Joint force must be ready to counter growing ballistic missile threats
As ballistic missile threats to the U.S. increase in quantity and quality, steps must be taken to ensure the Army and the joint force remain able to counter adversaries at home and abroad.
“The Army air and missile defense (AMD) force is a key strategic enabler for the Army, the joint force and the nation, and continues to be globally deployed and regionally engaged … but enemy air and missile defense threats continue to develop in complexity, quantity and capacity,” said Lt. Gen. James Dickinson, commanding general, U.S. Army Space and Missile Defense Command.
Dickinson was the opening speaker at the Association of the U.S. Army’s Hot Topic forum titled “Army Air and Missile Defense,” held in February at AUSA’s Conference and Event Center in Arlington, Va.
Potential adversaries are committed to evolving their missiles, unmanned aerial systems and long-range rocket and artillery force capabilities, Dickinson said, noting that these capabilities are often “the weapon of choice to exert their national aims and put our nation, our deployed forces and our partners and allies at risk.”
Today nearly 30 countries possess ballistic missile capabilities, with approximately 50 different variants of ballistic missiles.
Additionally, Dickinson said that there are 13 new intermediate range and eight intercontinental ballistic missile variants under development.
Specifically, he said, North Korea continues to improve their road-mobile ICBMs and has likely tested ICBM capabilities in recent space launches, while China has developed and tested a hypersonic maneuvering strike vehicle.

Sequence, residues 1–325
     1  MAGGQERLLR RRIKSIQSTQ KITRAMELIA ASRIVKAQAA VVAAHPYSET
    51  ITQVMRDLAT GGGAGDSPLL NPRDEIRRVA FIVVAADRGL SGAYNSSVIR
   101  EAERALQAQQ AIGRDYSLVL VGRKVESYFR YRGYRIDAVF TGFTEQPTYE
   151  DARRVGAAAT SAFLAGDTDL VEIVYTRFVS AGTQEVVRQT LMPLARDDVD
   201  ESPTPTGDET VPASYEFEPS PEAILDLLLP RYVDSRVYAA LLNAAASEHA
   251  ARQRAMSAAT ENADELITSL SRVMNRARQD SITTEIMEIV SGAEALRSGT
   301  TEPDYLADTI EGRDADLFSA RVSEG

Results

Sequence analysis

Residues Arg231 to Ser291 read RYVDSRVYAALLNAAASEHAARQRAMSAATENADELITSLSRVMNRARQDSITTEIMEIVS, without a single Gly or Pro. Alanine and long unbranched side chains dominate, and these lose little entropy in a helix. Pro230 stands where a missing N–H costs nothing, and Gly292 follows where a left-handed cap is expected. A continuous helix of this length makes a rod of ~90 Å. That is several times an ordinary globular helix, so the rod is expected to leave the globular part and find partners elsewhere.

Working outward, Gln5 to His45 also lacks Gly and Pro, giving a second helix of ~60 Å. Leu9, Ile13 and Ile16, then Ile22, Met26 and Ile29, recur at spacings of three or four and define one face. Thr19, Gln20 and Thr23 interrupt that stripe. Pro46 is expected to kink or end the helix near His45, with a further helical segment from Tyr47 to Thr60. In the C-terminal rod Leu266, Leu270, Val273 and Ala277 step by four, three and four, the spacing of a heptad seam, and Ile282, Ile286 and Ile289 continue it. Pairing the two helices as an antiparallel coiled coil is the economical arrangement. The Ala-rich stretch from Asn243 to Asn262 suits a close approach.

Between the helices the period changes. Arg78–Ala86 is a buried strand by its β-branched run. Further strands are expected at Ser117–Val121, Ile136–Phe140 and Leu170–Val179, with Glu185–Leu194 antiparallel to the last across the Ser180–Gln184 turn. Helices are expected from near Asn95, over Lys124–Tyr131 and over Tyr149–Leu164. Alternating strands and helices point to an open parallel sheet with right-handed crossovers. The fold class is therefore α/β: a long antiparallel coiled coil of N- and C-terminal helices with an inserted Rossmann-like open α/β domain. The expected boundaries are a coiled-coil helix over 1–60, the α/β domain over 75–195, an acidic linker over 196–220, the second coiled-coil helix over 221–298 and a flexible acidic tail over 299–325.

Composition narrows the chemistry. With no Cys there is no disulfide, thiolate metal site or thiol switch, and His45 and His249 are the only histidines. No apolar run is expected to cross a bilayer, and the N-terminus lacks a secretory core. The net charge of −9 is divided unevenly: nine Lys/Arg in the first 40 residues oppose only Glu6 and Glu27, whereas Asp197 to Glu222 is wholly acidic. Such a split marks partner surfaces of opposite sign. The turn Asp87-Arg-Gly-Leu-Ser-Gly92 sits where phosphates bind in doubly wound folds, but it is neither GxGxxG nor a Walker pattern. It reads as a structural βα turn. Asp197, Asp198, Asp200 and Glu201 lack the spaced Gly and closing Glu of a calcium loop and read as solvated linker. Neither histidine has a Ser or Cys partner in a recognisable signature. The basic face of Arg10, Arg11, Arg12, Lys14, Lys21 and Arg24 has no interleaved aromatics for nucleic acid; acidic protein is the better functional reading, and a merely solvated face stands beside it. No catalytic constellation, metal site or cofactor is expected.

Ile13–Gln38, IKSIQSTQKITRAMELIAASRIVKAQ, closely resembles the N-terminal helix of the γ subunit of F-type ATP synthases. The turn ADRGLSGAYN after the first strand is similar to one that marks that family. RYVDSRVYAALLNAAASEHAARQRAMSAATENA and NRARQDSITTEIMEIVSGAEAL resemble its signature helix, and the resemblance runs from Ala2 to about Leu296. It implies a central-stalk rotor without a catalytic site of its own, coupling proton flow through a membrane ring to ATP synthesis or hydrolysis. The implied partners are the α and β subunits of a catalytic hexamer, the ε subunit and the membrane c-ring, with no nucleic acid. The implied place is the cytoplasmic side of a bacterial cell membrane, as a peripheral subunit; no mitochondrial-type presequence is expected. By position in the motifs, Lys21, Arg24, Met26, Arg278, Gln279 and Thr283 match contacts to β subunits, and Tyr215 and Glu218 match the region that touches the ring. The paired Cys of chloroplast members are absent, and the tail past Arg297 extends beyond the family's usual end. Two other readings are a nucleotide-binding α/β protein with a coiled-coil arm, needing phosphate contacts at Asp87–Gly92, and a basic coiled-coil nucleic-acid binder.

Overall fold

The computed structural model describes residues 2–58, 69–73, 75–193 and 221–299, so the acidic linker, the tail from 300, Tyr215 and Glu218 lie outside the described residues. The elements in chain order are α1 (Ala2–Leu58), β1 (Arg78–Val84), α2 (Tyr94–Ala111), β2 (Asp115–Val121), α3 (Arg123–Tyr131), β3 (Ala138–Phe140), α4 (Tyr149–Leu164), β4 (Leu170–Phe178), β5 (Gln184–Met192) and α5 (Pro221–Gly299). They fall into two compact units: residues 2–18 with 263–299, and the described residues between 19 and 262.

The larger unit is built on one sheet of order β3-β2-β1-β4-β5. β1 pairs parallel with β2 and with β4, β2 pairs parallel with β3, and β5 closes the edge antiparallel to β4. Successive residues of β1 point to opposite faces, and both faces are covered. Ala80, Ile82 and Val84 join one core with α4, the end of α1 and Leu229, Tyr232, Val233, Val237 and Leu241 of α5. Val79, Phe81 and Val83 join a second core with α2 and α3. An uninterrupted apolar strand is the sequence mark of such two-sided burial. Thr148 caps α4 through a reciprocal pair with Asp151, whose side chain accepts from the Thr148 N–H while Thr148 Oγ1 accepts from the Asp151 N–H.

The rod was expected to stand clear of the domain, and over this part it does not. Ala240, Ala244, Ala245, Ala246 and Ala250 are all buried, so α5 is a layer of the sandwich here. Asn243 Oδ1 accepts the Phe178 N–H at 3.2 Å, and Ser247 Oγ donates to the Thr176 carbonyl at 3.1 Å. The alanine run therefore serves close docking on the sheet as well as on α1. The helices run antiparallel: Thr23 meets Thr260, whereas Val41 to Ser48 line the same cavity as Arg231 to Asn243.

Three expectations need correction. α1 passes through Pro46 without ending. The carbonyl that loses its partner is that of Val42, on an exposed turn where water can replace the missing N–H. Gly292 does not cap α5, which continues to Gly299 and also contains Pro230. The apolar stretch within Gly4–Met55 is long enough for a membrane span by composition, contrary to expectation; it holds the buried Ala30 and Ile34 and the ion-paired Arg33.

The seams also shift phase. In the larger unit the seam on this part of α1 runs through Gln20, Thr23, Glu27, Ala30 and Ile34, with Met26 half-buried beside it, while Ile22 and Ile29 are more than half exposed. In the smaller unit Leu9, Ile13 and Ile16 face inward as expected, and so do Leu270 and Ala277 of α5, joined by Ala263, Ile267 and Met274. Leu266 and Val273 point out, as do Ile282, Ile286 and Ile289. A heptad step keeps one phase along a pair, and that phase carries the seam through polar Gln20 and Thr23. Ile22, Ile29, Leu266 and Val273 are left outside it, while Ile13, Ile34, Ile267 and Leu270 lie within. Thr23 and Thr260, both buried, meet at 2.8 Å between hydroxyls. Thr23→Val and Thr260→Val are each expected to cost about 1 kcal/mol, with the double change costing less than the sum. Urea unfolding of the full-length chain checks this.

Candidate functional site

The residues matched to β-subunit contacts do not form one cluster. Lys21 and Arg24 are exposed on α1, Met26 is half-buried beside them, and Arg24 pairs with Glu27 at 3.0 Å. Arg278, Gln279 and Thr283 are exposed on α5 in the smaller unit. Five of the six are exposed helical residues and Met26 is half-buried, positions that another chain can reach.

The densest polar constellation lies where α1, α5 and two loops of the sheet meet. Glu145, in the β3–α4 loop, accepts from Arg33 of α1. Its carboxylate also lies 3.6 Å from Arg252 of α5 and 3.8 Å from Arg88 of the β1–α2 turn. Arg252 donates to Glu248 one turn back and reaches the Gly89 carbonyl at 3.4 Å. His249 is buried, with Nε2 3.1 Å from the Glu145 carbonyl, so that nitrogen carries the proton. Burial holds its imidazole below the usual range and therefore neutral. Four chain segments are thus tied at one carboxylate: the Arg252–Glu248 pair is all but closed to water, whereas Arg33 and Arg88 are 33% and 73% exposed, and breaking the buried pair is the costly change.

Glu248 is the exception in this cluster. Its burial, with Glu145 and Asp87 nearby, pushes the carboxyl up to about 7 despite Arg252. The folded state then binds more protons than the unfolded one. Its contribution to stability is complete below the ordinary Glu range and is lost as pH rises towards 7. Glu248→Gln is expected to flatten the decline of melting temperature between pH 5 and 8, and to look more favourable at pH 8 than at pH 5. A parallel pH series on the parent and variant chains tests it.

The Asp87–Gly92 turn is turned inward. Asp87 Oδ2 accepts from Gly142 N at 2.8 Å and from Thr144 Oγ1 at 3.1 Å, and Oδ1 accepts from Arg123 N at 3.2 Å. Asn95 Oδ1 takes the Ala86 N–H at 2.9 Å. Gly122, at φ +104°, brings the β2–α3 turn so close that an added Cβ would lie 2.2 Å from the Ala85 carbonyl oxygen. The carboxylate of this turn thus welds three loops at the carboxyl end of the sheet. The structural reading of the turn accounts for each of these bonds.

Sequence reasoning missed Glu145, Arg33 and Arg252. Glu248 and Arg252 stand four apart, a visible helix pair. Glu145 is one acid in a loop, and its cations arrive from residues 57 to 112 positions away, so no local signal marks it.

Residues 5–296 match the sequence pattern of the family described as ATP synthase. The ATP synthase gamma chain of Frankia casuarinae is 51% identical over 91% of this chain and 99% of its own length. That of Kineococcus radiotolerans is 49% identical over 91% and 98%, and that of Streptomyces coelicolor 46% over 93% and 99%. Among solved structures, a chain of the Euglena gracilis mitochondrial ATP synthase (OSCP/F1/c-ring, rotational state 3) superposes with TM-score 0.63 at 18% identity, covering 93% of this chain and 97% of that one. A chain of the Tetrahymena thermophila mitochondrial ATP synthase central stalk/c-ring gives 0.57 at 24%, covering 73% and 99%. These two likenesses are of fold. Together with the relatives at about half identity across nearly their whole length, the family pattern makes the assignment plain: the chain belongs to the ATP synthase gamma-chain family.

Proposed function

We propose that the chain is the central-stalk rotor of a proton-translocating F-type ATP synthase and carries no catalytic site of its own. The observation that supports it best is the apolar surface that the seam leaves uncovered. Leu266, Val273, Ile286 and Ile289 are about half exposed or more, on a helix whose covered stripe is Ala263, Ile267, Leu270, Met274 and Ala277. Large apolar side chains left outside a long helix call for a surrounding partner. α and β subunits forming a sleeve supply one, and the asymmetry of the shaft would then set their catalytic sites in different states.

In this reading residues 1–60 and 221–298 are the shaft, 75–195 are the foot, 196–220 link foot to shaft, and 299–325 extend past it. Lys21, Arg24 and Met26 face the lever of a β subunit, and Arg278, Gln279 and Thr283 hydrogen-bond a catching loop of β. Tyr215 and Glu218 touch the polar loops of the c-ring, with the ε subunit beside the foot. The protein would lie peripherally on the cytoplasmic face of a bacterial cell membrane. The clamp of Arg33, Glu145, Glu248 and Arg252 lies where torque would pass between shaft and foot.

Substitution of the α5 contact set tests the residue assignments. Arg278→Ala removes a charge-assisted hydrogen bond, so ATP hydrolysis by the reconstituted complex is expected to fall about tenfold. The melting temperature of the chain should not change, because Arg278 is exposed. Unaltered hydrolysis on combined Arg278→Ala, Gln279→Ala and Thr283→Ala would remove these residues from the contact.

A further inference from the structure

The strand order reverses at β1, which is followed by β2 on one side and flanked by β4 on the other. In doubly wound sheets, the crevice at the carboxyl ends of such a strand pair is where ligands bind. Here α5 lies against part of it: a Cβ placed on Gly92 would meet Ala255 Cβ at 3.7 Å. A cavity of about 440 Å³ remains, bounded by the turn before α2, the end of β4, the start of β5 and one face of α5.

Iran is also expected to expand their ballistic missile development program. “Their resolve is demonstrated by Iran’s president saying that Iran will not accept any limits on their missile program, and calling for accelerating the production of various missiles,” Dickinson said.
Other key AMD threats in the near future include more complex advanced electronic and cyber attacks, and directed energy capabilities, he said.
As threat capabilities evolve and capacity grows, air and missile defense modernization efforts and initiatives must continue to avoid enemy overmatch of U.S. military forces.
“To counter these and future threats, we must sustain our efforts in a number of areas, from maintaining our systems, to training our AMD force, to leveraging new technologies and modernization efforts, all of which require resources,” said Dickinson.
There is some good news on the resource front, he said. Congressional support for air and missile defense is strong, and that support is reflect in the FY17 budget request.
However, he said, “Although we are on the right track and investing in the right areas, Army missile defense still faces a number of challenges in protecting the force and achieving strategic flexibility in a multi-domain environment.”
Even as the Army modernizes its AMD force, it must not lose sight of the present.
“A major factor in readiness is how we can balance modernization efforts with the operational demands,” Dickinson said.
The Army AMD force finds itself at a critical crossroads as it balances the competing requirements of supporting the current fight while modernizing.
He continued, “As we support the warfighter, modernize and develop the future AMD force, we must also maintain a ‘fight tonight’ focus – essentially, what trained and ready capabilities can the AMD enterprise provide to the warfighter now.”
Dickinson thanked AUSA for its “continued support to the warfighter,” adding, “It’s a great day to be an air and missile defender in the United States Army.”